Real Estate Sales – Contract Law About Disclosure of Defects
The typical residential real estate purchase and sale uses standardized contract forms created by the Colorado Division of Real Estate. See:
Included in those standard forms is language requiring sellers to disclose any latent defects actually known to them, in writing. Latent defects are “those manifesting themselves after purchase and which are not discoverable through reasonable inspection.” The standard form also makes both purchasers and sellers subject to “an obligation to act in good faith including, but not limited to … Property Disclosure.”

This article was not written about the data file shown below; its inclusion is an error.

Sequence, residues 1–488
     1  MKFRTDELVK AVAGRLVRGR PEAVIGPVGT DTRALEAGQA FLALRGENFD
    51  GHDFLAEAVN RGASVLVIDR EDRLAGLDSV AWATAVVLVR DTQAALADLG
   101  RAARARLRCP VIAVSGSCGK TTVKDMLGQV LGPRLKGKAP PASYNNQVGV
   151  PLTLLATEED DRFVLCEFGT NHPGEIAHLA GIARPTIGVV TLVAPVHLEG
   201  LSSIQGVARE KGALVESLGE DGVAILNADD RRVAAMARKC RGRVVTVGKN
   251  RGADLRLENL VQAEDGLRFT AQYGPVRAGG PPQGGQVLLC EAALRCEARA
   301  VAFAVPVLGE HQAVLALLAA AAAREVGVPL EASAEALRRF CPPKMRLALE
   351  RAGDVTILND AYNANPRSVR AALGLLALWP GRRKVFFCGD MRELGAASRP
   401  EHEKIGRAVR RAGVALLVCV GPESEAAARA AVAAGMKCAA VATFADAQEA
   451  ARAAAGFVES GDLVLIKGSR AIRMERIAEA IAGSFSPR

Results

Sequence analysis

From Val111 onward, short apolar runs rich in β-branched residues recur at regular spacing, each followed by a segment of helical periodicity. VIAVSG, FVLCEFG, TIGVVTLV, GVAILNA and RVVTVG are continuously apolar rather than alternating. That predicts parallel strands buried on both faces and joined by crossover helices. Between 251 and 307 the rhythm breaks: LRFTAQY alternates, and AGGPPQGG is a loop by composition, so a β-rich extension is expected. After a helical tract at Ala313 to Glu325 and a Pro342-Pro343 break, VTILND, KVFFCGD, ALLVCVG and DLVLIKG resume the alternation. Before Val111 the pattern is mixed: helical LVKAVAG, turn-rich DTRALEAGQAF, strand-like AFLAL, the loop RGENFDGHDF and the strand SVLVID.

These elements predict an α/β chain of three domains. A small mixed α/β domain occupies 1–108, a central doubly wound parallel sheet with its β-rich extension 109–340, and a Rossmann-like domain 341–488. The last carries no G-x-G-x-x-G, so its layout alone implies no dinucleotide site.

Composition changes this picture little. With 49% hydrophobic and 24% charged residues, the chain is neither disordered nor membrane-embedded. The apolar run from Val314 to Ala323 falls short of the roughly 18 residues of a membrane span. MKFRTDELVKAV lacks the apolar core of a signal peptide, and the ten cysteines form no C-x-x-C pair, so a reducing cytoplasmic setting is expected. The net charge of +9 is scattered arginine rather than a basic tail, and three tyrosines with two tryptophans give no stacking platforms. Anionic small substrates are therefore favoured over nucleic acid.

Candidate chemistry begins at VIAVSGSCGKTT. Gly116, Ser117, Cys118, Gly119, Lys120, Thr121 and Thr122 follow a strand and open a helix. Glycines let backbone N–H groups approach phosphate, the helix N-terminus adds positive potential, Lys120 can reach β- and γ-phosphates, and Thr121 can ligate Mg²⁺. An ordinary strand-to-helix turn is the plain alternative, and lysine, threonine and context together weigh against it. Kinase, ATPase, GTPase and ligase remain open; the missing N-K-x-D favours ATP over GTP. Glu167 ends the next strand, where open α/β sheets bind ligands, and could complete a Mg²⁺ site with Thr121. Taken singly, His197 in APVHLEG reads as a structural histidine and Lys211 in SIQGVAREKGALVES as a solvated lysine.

Failure to make the disclosures required in a standard contract exposes sellers to a claim for “recission” of the contract. Recission means the buyers may elect to treat the contract as canceled, and recover everything they paid for the property. After trial in March 2019 Stutheit & Gartland obtained an order for recission on behalf of its clients. Click here for a newspaper report of the trial.
Not every nondisclosure gives buyers the right to rescind their purchase. The nondisclosure must be significant. “Rescission of a real estate purchase may be granted if the facts show that there is a substantial breach, that the injury caused is irreparable, or that damages would be inadequate, difficult, or impossible to assess.”